The new images, the paper says, show soldiers staging an execution with a soldier pointing his pistol at an assembled skeleton. An additional picture shows a skull wearing a German army beret and another shows bones arranged to spell out "CSR-Team" -- the abbreviation for the unit which patrols the area surrounding the German camp. The German television station RTL has also come into possession of new images, including one of a soldier apparently kissing a skull mounted on his left bicep.
One soldier told Bild that German patrols often stopped by the site where the bones were found. One eyewitness reports the site looks more like a gravel pit than a cemetary. The witness told the paper that posing for photos there had become commonplace. A number of soldiers evidently spelled out their names using the bones.
The new revelations come on the heels of images published by Bild on Tuesday which showed German soldiers posing with a skull placed carefully on an army jeep. One image showed a soldier posing with the skull next to his exposed penis.
Defense Minister Franz Josef Jung on Friday announced the suspension of two soldiers involved in the skull scandal. Investigations are continuing into three further suspects in connection with new photos that appeared Thursday. He repeated his earlier statements that such men "have no place in the German army" and said "it is in our interest to clear this up as soon as possible."
The scandal has shocked a Germany which has long preferred to see its soldiers as engaged primarily in humanitarian missions rather than in violent foreign conflicts. A number of commentators have criticized the German government for spreading the image of "social workers" in uniform, even as the Bundeswehr has become involved in dangerous conflicts the world over, from Afghanistan to the Democratic Republic of Congo, from the Balkans to Lebanon. The images are especially uncomfortable to Germans accustomed in recent years to lambasting American soldiers for scandals such as Abu Ghraib while imagining their own troops to be beyond reproach.
Now, though, that image has been shattered. "We have to outfit our troops with more intellectual competence and moral values," said Reinhold Robbe, a Bundestag representative who deals with military affairs. The troops have to understand, he told ZDF television on Friday, "that these values apply not just in Berlin or Hamburg, but also during missions in Afghanistan or in the Balkans."
Bild Zeitung also published Friday an interview with a soldier who claims to have been present during the defilement of the skull from the first batch of images. The incidents "were well known even among those with the lowest rank," the soldier told Bild. "It made the rounds, for sure. Some of them found it funny." The soldier also said that those who didn't go along with the defilements were seen as wimps.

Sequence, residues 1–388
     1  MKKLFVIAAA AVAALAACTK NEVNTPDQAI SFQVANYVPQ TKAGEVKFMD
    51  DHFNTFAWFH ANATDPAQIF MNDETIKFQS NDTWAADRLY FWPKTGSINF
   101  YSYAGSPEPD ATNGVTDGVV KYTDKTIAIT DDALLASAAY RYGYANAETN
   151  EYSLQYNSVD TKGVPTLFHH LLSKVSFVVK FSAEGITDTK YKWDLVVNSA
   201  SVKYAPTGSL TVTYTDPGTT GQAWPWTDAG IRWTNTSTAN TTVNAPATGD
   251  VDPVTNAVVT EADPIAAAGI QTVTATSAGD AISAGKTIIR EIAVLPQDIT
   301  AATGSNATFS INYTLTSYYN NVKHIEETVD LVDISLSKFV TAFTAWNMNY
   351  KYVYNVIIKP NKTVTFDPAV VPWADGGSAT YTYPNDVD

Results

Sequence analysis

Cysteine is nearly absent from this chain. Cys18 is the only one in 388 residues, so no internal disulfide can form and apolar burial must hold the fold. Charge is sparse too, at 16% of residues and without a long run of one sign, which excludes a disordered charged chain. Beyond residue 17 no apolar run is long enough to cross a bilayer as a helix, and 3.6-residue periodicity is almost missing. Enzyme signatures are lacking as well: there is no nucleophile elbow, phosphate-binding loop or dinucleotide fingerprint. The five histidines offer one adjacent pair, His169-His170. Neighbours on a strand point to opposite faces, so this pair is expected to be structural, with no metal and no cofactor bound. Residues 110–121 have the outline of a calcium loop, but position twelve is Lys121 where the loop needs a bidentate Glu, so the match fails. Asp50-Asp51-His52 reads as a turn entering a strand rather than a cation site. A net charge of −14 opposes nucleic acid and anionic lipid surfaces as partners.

The soldier also described the situation during which the original photos were taken. "A skull was picked up," he said according to Bild. "First it was held up and a photo was taken. Then it was mounted on the vehicle -- until the one pulled out his member." He went on to say that they were all under a great amount of stress and were nervous as a result of the numerous accidents and attacks they had experienced already. The soldier also said that Afghans had also displayed little respect for the bones and had often dug around in the pit.
According to a report in the Leipziger Volkszeitung on Friday, incidents of German soldiers posing with bones have hardly been a rarity in the past three years. Indeed, the mass grave where the images originated had become something of an "insider tip" and that soldiers from other countries had participated as well.
The small Bavarian town of Mittenwald, where all of the soldiers pictured in the original images published Tuesday had been stationed, has meanwhile been inundated with German media as the country tries to find out as much as possible about the skull scandal. Despite being confronted with dozens of reporters, television cameras and photographers on Wednesday and Thursday, official statements were hard to come by.
Unofficial ones, however, were not difficult to gather. "Complete idiots," 67-year-old Mittenwald resident Hermann Salminger called the soldiers. "Wood heads. They ruin everything, the town and the special forces…. They should be locked up."
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